Georgia Child Custody Hearings: What to Expect

Hearings are sessions with a judge. They differ from trials in that they do not result in a final order.

Some cases end in settlement before the first hearing, while others require several hearings.

Note that scheduling and procedures may vary based on your case, county and judge.

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Preparing for your hearing

The impression you give at your hearings could affect your case years down the road. Be sure to prepare thoroughly before each hearing, either with your lawyer or with resources for self-representation.

Familiarize yourself with the factors judges consider in custody rulings. With these in mind, prepare a statement and evidence specific to the hearing's topic.

Then, prepare questions to ask the other parent and their witnesses, if appropriate for this hearing. Think of what information they can provide to help your case. Consider asking them to write a character reference letter if they can't make it to court.

If you'll call witnesses, you or your attorney should meet with them beforehand to ensure they're prepared. In hearings about temporary orders, you're allowed just one witness.

When a witness can't appear in court, they can draft an affidavit (written testimony) instead. You must provide the other parent with a copy at least 24 hours before the hearing.


Typically, you have your first hearing within 45 days of opening your case.

Even if you have a lawyer, you should attend every hearing so you can stay informed of the case's progress and help negotiate a settlement.

If you and your lawyer miss a hearing, the court can fine you, charge you with contempt and rule in favor of the other parent. You may ask in advance to reschedule if any of the following make it necessary:

  • Late notice of the hearing
  • Attorney schedules
  • Military service
  • Medical issues
  • New evidence requiring investigation

Custody cases have hearings roughly every 30 days, until the parents reach a settlement or go to trial. If the judge refers you to mediation or appoints a guardian ad litem to investigate, more time may pass between hearings.

In Fulton County, you'll have status conferences between hearings.


Hearings can be as short as 20 minutes or as long as four hours, depending on the issues at hand. Judges tend to move as quickly as possible, so have your materials and thoughts well-organized.

You'll sit through other hearings while you wait for your case to be called.

In some hearings, the parties simply ask the judge to set a date for trial, also called the final hearing.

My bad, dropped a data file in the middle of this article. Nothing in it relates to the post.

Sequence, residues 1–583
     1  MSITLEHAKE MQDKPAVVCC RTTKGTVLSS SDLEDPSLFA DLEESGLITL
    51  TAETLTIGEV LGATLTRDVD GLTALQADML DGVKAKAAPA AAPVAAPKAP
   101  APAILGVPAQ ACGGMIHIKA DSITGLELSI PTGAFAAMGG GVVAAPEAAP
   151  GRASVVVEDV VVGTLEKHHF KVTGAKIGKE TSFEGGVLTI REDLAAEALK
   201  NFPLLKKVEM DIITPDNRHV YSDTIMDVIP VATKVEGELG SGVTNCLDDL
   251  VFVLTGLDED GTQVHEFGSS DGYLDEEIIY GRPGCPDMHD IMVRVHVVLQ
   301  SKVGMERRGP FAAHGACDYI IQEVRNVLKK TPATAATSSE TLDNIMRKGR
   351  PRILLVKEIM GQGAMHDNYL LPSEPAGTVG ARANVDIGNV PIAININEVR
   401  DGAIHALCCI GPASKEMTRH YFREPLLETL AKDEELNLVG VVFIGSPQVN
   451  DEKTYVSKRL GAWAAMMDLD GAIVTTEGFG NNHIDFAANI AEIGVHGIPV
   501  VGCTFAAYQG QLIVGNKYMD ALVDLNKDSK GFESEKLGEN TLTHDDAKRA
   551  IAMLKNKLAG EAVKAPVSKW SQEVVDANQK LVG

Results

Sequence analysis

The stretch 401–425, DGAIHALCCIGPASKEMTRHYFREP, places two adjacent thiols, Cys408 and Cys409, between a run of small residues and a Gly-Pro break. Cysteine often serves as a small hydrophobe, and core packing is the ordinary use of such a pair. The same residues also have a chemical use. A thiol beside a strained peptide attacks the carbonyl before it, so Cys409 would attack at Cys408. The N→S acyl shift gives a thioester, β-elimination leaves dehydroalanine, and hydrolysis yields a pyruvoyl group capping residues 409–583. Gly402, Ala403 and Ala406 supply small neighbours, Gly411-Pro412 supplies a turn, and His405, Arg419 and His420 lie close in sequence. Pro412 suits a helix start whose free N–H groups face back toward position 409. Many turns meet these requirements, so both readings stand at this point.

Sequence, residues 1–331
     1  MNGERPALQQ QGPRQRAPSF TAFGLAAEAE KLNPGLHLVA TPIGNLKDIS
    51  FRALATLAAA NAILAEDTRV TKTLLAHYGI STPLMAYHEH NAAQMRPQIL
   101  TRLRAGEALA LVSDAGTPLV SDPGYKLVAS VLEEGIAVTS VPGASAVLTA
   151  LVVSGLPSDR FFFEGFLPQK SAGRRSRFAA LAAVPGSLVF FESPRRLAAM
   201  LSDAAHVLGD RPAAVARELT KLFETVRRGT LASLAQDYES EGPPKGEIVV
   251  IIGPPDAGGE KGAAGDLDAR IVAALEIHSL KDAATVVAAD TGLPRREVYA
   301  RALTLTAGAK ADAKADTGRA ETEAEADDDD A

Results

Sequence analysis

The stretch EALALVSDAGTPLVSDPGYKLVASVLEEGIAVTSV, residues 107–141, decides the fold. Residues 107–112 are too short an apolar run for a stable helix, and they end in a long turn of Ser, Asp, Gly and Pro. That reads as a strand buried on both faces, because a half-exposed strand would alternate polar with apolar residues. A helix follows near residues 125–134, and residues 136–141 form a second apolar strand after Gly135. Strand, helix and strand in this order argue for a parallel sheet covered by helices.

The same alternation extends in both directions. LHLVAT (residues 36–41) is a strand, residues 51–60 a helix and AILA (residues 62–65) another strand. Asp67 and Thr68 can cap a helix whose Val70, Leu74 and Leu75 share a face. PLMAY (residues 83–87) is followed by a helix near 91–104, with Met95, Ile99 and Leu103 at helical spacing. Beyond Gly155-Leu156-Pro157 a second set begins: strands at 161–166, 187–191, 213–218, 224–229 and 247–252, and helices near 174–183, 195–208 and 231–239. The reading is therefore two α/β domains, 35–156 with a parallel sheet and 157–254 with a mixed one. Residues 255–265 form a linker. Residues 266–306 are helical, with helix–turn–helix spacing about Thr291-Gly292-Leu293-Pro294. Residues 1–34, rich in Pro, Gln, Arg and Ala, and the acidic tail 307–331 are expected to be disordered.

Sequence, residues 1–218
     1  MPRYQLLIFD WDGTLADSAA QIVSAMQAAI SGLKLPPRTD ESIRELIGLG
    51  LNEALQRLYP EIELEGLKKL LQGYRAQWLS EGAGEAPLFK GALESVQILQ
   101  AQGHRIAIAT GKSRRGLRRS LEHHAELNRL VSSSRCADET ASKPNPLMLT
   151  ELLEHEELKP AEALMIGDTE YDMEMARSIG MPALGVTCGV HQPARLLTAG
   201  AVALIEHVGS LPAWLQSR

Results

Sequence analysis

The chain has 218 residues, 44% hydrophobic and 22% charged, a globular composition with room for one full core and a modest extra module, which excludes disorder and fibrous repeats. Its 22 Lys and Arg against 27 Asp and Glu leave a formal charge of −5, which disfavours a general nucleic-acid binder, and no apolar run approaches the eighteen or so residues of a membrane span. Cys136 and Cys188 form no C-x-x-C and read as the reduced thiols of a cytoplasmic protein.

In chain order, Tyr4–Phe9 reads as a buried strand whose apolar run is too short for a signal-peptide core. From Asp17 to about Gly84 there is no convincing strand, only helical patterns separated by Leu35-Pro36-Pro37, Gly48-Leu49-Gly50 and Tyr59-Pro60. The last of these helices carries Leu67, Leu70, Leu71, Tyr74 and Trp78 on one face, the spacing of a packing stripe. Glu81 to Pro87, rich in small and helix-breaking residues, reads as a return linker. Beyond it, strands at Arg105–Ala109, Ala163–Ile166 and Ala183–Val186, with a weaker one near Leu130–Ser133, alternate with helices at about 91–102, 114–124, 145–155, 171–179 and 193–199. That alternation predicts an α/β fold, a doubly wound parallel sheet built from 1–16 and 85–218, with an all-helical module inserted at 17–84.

In a typical hearing, after being sworn in, each parent takes the stand to present their argument and answer questions from the judge and other parent. If witnesses testify, they're also sworn in before taking the stand.

The parents may also discuss a settlement or exchange discovery documents, such as work schedules and financial affidavits.

If you have a lawyer, they will take charge of questioning. They will also give you advice and present the judge with legal arguments (e.g., references to previous decisions).

Based on the information presented, the judge may:


  • Observe other hearings ahead of time, especially ones with your judge.
  • Dress in business casual clothing, like you might for a job interview.
  • Don't bring your children. You can bring a friend or family member for moral support.
  • Arrive early to give yourself enough time to check in and meet with your attorney.
  • Stay quiet while waiting for other hearings to conclude.
  • Be kind and respectful to court staff and the other parent.
  • Address the judge as "Your Honor."
  • State your case clearly and concisely, with specific reasons.
  • Respond directly to the questions asked, and only give explanation when prompted.
  • Be honest.

Using technology for your hearing

The evidence you'll need to prepare for a hearing depends on the topic being considered.

You may want to present:

The Custody X Change online app lets you create all of these in one place. It helps you prepare for every hearing that comes up in your case.

Take advantage of custody technology to get what's best for your children.

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